A powerful way to improve your descriptions is to return to the craft — pore over books that paint poetic, captivating or deliciously fresh prose in original ways. It can be a powerful source of inspiration. Of course, there are countless books out there to list, but here are five of my favorites.
5 books that can inspire your descriptions:
1. White Teeth, by Zadie Smith
White Teeth is full of refreshing descriptions of people and settings. Smith illustrates with arresting detail.
Her beauty was not a sharp, cold commodity. She smelled musty, womanly, like a bundle of your favorite clothes. Though she was disorganized physically—legs and arms speaking a slightly different dialect from her central nervous system—even her gangly demeanor seemed to Archie exceptionally elegant.
Smith conjures such an entertaining image of this character through fresh similes (“like a bundle of your favorite clothes”) and Archie’s peculiar observations (“speaking a slightly different dialect…”) that we can’t help but want to read more about this character. I love finding phrases like these in my work with authors.
2. The Language of Flowers, by Vanessa Diffenbaugh
The sky felt bigger at Elizabeth’s. It curved from one low horizon line to the other, the blue seeping into the dry hills and dulling the yellow of summer. In the corrugated roof of the garden shed it reflected, and in the round metal trailer, and in the pupils of Elizabeth’s eyes.
Here, broad strokes of color unite to conjure a vivid summer day. The effect is almost poetic. We also see the world from the character’s POV — an enchanting effect that Diffenbaugh expertly replicates throughout this novel.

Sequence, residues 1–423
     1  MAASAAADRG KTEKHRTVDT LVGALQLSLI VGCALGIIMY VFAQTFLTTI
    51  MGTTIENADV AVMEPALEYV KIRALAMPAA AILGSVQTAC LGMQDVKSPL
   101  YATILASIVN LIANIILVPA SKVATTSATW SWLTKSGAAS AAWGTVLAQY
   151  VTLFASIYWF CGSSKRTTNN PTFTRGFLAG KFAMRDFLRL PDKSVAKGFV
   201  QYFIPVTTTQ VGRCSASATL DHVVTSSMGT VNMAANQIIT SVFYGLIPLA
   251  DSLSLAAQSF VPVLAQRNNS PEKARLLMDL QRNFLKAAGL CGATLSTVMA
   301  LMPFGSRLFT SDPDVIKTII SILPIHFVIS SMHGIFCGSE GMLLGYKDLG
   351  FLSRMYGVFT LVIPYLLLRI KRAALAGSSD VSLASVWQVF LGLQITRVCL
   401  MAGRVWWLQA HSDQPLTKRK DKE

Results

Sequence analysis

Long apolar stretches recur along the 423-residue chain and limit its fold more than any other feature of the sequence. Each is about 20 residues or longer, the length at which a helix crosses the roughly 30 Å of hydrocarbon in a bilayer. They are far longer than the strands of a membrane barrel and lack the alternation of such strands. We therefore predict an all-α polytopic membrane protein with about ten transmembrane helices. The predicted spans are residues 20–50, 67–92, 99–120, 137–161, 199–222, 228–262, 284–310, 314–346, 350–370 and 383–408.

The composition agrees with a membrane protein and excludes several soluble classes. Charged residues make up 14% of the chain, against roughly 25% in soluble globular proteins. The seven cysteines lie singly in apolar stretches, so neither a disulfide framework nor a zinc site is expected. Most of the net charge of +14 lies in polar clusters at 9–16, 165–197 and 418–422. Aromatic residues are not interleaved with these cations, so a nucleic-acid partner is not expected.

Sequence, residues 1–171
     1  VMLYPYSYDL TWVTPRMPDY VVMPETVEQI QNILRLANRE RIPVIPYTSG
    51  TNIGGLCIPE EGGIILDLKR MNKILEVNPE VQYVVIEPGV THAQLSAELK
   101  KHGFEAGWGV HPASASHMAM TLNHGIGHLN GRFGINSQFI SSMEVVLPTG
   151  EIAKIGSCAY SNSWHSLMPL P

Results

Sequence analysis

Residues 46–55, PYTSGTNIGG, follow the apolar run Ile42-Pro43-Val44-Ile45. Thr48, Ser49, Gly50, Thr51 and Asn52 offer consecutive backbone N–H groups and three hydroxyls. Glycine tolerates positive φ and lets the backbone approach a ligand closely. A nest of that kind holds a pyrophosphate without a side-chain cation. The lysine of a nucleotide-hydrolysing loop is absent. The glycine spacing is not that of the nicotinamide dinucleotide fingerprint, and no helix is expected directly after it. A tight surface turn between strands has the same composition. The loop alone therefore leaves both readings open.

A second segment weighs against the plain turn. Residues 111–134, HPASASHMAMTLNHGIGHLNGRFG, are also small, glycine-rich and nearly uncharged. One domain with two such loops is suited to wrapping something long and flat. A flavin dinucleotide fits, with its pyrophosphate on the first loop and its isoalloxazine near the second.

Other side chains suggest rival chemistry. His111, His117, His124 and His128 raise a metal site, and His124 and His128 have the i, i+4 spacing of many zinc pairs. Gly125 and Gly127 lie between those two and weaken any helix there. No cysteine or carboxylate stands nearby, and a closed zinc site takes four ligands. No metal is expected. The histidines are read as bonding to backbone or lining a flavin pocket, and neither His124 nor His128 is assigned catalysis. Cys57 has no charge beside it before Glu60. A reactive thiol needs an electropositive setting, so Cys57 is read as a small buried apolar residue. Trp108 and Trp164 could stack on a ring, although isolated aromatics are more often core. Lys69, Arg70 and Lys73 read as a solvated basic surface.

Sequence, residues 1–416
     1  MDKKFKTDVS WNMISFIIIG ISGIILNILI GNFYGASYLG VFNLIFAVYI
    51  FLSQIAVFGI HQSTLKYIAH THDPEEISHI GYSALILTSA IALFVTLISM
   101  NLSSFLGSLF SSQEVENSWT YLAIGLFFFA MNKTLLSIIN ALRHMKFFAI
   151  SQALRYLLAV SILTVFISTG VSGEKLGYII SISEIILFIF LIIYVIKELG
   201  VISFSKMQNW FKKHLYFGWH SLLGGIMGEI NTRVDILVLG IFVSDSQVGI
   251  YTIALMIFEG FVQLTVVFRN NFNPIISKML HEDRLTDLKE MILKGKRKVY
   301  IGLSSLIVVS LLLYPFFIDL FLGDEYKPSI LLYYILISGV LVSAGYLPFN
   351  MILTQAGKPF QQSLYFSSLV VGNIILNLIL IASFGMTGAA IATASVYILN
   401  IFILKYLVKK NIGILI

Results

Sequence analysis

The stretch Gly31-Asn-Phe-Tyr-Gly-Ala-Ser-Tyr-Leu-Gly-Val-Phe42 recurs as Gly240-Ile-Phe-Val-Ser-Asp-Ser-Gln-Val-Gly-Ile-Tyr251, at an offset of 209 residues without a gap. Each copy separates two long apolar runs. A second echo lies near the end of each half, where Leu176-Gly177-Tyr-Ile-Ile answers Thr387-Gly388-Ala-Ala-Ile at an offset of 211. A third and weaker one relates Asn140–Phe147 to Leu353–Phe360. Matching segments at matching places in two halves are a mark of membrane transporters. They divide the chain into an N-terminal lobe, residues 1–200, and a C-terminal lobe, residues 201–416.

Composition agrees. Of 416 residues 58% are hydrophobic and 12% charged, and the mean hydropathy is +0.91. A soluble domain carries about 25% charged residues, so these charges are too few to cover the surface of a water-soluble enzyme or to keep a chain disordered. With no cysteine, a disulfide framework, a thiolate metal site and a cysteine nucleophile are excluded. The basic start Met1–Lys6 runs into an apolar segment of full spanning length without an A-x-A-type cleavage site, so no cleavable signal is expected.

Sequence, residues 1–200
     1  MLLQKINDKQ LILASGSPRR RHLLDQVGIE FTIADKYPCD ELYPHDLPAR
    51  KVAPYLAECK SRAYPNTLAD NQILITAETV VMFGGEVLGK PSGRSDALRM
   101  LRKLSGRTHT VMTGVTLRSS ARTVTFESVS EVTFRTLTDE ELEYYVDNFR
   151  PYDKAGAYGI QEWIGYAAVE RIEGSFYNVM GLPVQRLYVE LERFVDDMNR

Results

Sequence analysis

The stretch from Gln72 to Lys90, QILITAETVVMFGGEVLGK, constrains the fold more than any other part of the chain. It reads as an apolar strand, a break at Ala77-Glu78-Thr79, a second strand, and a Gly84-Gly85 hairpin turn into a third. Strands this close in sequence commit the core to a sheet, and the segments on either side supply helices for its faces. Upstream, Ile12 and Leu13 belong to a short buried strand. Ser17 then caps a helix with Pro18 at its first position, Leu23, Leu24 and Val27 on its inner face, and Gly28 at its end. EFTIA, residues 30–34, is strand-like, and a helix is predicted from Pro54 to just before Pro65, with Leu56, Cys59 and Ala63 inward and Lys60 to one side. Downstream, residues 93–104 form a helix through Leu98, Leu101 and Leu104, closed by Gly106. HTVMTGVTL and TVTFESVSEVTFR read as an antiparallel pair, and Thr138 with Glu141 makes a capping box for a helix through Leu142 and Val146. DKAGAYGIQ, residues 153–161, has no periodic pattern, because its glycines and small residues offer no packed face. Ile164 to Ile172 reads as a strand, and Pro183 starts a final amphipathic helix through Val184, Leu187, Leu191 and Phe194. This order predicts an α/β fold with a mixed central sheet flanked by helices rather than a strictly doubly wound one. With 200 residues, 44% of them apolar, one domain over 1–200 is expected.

3. The Unlikely Pilgrimage of Harold Fry, by Rachel Joyce
Rex was a short man with tidy feet at the bottom, a small head at the top, and a very round body in the middle, causing Harold to fear sometimes that if he fell there would be no stopping him. He would roll down the hill like a barrel.
Here, we’re not only able to summon a clear image of poor Rex, we instantly feel like we know how he relates to the rest of the world. Joyce has taken a seemingly ordinary character and described him in a particularly unique way.
4. Water for Elephants, by Sara Gruen
The silent ones, the ones with frozen faces and withered limbs or whose heads and hands shake too violently to hold utensils, sit around the edges of the room accompanied by aides who spoon little bits of food into their mouths and then coax them into masticating. They remind me of baby birds, except they’re lacking all enthusiasm. With the exception of a slight grinding of the jaw, their faces remain still and horrifyingly vacant.
In this grim — yet interesting — observation of the characters in a nursing home, we instantly know how the narrator feels about his surroundings. The long first sentence conjures a powerful feeling of overwhelm; it’s an example of how Gruen infuses each detail of her character’s observations with meaningful emotion.
5. In the Woods, by Tana French
In In the Woods, Tana French crafts a tightly woven police procedural while also spellbinding us with her imaginative descriptions. Here’s one I love:
As soon as we got inside the house I knew this had been a bad idea. It was the smell of it—a wistful blend of sandalwood and camomile that went straight for my subconscious, setting memories flickering like fish in murky water.
Here, French doesn’t simply depict her protagonist’s current surroundings by listing the objects around him; she harnesses the senses and cuts to the emotional core of the setting’s impact on her character. The simile “flickering like fish in murky water” is especially delightful.
Reading captivating description is one thing; writing it yourself is a whole other challenge. What books do you turn to for writing inspiration?